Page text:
Coronavirus Crisis: British Airways to cut 12,000 jobs amid grounded air travel
British Airways may be forced to cut more than a quarter of its workforce as the coronavirus pandemic takes its toll on one of Europe's biggest airlines.
Parent company IAG (ICAGY) said in a statement cited by CNN on Tuesday that the Airways is notifying labour unions about a restructuring program which will affect most employees and "may result in the redundancy of up to 12,000 of them."
IAG, which also includes Spanish airline Iberia, said its first-quarter revenues declined by 13 per cent to EUR4.6 billion (USD 5 billion) as it swung to an operating loss of EUR535 million (USD 579 million).
The airline group warned that losses in the second quarter would be "significantly worse" and that it expects that "the recovery of passenger demand to 2019 levels will take several years."
The warning echos a similar decision made by airline group Lufthansa (DLAKY), which owns national carriers in Germany, Switzerland, Austria and Belgium. Announcing earlier this month that it was permanently reducing the size of its fleet and shuttering one of its low-cost carriers, Lufthansa said that worldwide demand for air travel will take years to recover from the coronavirus.
"What we are facing as an airline ... is that there is no 'normal' any longer," British Airways CEO Alex Cruz said in a letter to staff that was released to CNN Business.
"Yesterday, British Airways flew just a handful of aircraft out of Heathrow. On a normal day, we would fly more than 300," he added.
The news comes as flight bans and nationwide lockdowns are threatening to bankrupt airlines around the world. The "mounting financial crisis" facing carriers could cause revenues to tumble by as much as 55 per cent this year, or some USD 314 billion, according to the International Air Transport Association.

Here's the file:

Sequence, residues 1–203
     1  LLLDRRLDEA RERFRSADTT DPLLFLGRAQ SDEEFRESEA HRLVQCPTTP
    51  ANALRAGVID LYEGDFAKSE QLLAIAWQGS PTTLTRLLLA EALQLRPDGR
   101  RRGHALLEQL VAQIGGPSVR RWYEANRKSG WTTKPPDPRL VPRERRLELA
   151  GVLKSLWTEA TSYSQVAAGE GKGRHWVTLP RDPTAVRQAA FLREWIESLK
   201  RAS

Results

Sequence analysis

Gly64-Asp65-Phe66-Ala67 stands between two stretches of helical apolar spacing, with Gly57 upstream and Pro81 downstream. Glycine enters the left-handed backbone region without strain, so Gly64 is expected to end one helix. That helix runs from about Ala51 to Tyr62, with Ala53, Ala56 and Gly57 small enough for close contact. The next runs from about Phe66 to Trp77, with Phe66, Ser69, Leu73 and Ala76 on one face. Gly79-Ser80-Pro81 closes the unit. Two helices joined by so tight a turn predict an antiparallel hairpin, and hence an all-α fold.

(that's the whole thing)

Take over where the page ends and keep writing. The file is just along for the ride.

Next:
Virgin Australia collapsed into administration last week, while sister airline Virgin Atlantic confirmed on Monday that it was on the hunt for outside investors to keep it alive. Virgin Atlantic, which is controlled by Richard Branson's Virgin Group, is also seeking a commercial loan from the British government.
Earlier this month, British Airways furloughed 30,000 employees on 80 per cent of their regular monthly pay until the end of May, with the government covering the first PS2,500 (USD 3,100) under its coronavirus job retention program.
But Cruz said the outlook for the aviation sector had worsened in the last few weeks and measures taken to conserve cash were not enough.
"There is no government bailout standing by for BA and we cannot expect the taxpayer to offset salaries indefinitely," he added. "Any money we borrow now... will not address the longer-term challenges we face," he wrote.
With no certainty on when lockdowns will lift or when countries will reopen their borders, British Airways has to "reshape" itself, Cruz said.
"The scale of this challenge requires substantial change so we are in a competitive and resilient position, not just to address the immediate Covid-19 pandemic, but also to withstand any longer term reductions in customer demand, economic shocks or other events that could affect us," he added.
The collapse in air traffic puts about 6.7 million jobs at risk in Europe, according to IATA, which has called for urgent government action to "preserve air services."
In a similar circumstance, Air France-KLM (AFLYY) further announced on Friday that following "several weeks of discussions" with the French government and banks, it had secured EUR7 billion ($7.6 billion) in loans backed by the French state "to help overcome the crisis and prepare for the future."
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